|Origen: neither heretic nor saint|
Leonidas was a professor of rhetoric in Alexandria who was imprisoned and beheaded in AD 202 by Laertus, the governor of Egypt. Leonidas was killed for his Christianity, so all his property was confiscated. His wife and seven sons were impoverished until the family was adopted by a wealthy Christian woman.
One son, Origen, was perhaps the most brilliant Christian thinker of the third century. Well, he's got some stiff competition, but top five, easy. He is considered the father of the homily, and wrote thousands of pages of commentary on religious texts.
He survived the persecutions of Maximian, but was imprisoned and tortured during the persecutions of Decius.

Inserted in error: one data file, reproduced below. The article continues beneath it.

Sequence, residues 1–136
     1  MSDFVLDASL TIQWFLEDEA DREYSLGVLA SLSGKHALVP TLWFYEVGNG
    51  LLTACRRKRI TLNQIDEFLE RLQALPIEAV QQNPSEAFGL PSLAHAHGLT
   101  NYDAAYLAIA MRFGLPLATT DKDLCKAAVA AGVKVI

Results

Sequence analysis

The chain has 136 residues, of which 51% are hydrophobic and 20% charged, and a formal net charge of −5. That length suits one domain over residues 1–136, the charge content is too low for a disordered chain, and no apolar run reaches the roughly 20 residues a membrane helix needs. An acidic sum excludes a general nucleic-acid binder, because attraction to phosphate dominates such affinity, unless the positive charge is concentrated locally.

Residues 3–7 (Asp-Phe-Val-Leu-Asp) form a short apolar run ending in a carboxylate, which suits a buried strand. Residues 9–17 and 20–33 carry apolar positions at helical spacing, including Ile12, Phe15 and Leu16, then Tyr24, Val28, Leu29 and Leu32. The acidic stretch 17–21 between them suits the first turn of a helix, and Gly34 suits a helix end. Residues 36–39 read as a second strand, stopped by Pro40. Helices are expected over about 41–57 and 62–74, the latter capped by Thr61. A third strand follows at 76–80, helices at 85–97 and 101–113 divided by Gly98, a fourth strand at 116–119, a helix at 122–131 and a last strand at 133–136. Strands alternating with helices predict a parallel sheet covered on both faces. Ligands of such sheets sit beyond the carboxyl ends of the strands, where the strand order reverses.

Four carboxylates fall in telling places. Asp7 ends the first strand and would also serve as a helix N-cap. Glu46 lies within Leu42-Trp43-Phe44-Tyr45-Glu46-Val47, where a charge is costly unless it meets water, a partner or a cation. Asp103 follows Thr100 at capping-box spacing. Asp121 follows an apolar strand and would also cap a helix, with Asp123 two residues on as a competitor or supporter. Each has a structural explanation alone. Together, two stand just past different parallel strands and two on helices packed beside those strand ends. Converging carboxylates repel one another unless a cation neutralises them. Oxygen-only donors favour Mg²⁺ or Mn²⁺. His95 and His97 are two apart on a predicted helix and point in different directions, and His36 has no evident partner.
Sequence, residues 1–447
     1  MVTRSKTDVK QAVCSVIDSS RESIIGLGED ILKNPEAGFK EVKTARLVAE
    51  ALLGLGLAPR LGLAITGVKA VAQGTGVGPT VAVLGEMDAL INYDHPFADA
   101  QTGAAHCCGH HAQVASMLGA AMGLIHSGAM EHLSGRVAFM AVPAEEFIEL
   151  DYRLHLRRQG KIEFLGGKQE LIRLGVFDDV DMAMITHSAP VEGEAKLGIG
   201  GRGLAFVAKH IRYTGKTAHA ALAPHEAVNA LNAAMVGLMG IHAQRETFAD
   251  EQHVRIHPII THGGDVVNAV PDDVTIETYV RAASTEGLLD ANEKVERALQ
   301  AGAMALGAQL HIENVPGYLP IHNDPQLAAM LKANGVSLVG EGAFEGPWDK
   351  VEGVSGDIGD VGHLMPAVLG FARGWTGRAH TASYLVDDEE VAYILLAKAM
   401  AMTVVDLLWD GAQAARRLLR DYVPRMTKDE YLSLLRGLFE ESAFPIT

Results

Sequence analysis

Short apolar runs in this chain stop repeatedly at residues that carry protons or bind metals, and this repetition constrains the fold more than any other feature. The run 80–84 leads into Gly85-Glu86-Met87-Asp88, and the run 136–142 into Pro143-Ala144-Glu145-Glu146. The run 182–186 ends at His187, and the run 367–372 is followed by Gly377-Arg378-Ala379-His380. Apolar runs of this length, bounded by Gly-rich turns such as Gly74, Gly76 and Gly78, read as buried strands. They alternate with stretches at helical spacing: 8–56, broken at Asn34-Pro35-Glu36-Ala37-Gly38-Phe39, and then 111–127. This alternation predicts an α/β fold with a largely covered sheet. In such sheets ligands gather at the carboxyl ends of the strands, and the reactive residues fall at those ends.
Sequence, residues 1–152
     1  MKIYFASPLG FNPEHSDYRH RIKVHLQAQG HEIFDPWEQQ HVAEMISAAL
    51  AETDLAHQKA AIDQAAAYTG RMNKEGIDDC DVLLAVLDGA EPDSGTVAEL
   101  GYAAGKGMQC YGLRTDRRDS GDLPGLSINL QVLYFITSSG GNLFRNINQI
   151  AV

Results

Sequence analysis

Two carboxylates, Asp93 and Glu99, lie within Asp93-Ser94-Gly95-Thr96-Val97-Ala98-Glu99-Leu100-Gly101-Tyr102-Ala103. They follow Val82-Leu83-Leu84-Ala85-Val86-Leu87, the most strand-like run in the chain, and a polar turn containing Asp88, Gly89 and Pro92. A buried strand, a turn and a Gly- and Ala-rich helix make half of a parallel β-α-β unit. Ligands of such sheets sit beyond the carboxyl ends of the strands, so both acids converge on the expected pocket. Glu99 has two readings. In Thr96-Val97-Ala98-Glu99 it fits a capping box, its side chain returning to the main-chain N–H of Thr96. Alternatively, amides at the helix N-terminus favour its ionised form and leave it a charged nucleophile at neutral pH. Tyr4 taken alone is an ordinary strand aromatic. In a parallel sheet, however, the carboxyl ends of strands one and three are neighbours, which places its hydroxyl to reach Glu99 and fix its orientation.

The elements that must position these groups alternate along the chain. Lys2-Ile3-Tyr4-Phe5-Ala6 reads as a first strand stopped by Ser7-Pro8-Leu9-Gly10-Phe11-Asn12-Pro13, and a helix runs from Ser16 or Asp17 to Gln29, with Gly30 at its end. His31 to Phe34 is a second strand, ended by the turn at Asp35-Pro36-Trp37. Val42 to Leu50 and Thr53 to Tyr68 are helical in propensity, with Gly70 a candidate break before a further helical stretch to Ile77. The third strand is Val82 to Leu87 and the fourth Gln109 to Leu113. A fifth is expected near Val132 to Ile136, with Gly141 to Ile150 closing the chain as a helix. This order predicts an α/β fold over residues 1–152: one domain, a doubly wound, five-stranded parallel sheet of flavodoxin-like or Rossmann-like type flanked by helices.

He'd be a shoo-in for sainthood, right? Sure, except that his speculative ideas were later branded heresy when the mania for definitive orthodoxy was in full bloom. They couldn't do anything to Origen himself -- Decius had seen to that -- but they could identify forbidden ideas as Origenism and thereby block any possible sainthood.
The picture above, by the way, was taken from the Animal Liberation Front website, which quotes him offering an explanation of why we eat meat.